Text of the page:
A cry of “come on old girl, don’t let me down” rang through the bush house in Marloth Park. My mother-in-law was standing next to me, so my father-in-law couldn’t have been talking to her. Aah, of course. He was in the garage with the Landy. A V8 grumble confirmed this.

My idea of enjoying a car typically involves twisties, noise, an acceptable risk of death and the smallest possible gap between my crown jewels and the tar. This is, of course, very far removed from the world of winches, manne-wat-spanners-kan-gebruik and cars with snorkels. I’m thrilled when I can successfully fit my battery to my 2-stroke kart, so the 4×4 world was never going to be for me.

But, a recent trip to the Kruger was another good reminder of why most international tourists think that Joburg is nothing more than a convenient airport. The brave ones do Soweto (and experience something rather special in the process), but most take a sho’t left straight to the Kruger and then onwards to Cape Town. Poor Umhlanga probably deserves better.

The Kruger is nothing compared to the really rugged 4×4 stuff, but it’s good enough for me. South Africans love the bush, family time around the fire and a glass (or several) of Amarula. They also love Toyotas. Some, thankfully, love Land Rovers. They love them so much that they wave to each other on the road, just to check that the other guy still has oil pressure.

On that note, I recognise that I am perhaps just drawn to oil leaks like a moth to a flame, which explains how I can love an Alfa Junior and this particular beast – a Land Rover Defender 110 V8. Not equally, mind you. I’m scared my Junior is listening.

Everything in it is so simple. Acceleration is virtually non-existent, the turning circle is massive and the closest you get to a working air-con is a vent that whistles so loudly that even the V8 is almost drowned out. Then there’s the gearbox – let’s just say that if you really want to build your left tricep, a classic Defender might be for you. I love it.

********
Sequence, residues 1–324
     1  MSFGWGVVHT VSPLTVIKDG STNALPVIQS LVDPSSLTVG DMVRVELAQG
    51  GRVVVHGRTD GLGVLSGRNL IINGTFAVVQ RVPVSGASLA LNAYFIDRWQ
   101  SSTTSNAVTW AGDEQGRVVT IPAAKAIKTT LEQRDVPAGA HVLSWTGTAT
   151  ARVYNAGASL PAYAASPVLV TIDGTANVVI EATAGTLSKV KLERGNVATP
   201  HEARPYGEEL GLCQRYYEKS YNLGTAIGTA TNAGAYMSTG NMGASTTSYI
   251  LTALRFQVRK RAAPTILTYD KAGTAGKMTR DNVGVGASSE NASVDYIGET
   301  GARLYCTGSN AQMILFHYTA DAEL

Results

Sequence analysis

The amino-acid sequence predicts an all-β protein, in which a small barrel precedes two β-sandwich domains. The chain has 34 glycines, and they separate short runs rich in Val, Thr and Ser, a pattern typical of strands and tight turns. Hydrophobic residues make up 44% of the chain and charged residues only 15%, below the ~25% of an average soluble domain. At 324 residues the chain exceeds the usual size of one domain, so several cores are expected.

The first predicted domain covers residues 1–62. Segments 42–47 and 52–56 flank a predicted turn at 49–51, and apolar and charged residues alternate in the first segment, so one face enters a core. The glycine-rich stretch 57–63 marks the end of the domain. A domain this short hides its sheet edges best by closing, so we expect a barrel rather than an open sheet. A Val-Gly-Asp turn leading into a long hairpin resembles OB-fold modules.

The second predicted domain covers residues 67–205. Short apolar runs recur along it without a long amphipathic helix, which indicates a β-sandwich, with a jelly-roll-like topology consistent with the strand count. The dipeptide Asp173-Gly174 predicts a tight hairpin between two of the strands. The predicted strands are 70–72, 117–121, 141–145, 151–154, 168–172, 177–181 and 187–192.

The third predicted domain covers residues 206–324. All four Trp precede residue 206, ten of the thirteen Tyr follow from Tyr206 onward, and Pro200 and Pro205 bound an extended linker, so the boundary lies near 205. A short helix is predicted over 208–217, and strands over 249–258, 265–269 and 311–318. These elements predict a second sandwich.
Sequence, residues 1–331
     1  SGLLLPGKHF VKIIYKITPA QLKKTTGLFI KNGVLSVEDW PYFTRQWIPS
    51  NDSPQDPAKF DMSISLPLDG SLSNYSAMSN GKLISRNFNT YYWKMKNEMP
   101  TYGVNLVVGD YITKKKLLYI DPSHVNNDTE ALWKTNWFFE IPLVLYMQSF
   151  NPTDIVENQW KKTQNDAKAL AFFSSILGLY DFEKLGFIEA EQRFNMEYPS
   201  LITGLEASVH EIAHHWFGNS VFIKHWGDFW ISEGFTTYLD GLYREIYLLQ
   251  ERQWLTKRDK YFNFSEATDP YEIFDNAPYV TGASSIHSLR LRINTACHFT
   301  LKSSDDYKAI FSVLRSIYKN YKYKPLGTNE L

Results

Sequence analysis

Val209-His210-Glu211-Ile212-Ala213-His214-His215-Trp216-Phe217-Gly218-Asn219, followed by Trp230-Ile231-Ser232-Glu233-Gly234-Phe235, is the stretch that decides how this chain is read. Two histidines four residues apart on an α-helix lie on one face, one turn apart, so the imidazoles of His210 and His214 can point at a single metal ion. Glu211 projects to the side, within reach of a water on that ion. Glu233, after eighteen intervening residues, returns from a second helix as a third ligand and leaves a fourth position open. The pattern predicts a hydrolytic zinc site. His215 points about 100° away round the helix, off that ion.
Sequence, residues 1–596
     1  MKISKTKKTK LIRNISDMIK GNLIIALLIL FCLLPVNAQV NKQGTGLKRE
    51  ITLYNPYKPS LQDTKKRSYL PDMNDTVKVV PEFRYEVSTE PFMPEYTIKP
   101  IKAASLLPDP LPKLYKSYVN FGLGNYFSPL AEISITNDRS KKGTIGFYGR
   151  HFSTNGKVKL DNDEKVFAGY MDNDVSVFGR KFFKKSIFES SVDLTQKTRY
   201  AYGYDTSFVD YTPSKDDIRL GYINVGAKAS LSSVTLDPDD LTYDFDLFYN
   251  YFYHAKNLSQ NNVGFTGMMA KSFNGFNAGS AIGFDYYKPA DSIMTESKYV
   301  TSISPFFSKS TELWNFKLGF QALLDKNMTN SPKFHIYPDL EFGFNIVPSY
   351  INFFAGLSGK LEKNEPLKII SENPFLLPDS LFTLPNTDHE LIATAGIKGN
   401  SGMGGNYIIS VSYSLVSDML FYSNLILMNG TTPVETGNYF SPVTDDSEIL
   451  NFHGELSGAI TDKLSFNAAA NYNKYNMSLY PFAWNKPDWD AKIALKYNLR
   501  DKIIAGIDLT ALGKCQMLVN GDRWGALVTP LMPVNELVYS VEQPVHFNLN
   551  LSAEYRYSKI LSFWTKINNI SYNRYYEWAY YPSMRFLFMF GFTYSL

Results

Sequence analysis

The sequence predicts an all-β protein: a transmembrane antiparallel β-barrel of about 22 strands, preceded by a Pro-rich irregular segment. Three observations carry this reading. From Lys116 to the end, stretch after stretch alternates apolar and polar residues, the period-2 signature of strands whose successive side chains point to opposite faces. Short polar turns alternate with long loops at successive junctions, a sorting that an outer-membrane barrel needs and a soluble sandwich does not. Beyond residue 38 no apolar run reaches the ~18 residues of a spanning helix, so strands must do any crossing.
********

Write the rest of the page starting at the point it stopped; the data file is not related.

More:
Bombshell time – an Alfa Junior and a Land Rover Defender share the same heart. Let me explain.

I accept that these cars are designed for different things. My Alfa is perfect for a Sunday morning blast around the Cape, but I wouldn’t want to stare down an elephant from that low on the ground. The part of a bull elephant that I can see from that low down definitely isn’t going to make me feel any better about my chances.

Likewise, the Defender isn’t going to inspire confidence through Franschhoek Pass with a blanket of fog below me, but with huge ground clearance, a bottle opener on the back, a scratch-proof body and a massive bull-bar on the front, it’s the perfect car for the South African bush.

Both cars are cult favourites. They have a loyal following of enthusiasts that span several generations. The Defender itself only recently went out of production, long after Alfa forgot how to make affordable rear-wheel drive sports cars. Alfa still hasn’t remembered how to do this, putting the really great Alfas way out of reach of most of us (unless you are smart enough to wait for depreciation to sort the problem out – you can currently buy a low-mileage 4C for about half the price of a new one).

There is an “outlaw” style following for both brands, but predictably with very different approaches. The Alfas get bigger GTA-replica wheels, roll-cages, curved trumpets on 45 DCOE carbs and suspension upgrades imported from the UK. Where the Alfa modifications have speed and handling as the ultimate goal, the Defender approach is to turn them into uber-cool urban warriors. A matt grey paint job with black bonnet, black wheels and redesigned interior takes your 90 or 110 from bush-whacker to Sandton pavement icon.

Either car is an exceptional base for an outlaw, which is critical in keeping these cars desirable for younger generations. There will always be a place for concourse cars, but getting a 21 year old to turn his attention from a new GTI to a classic car requires more than a perfectly original number plate light.

There are clearly more sensible ways to go fast or to go places, but sensible is boring. Being sensible on a holiday is especially overrated. The best game drives start with a V8 burble and a collective sigh of relief that the Landy is still working. Family memories mean more when centred around a motoring icon. Long live the Defender.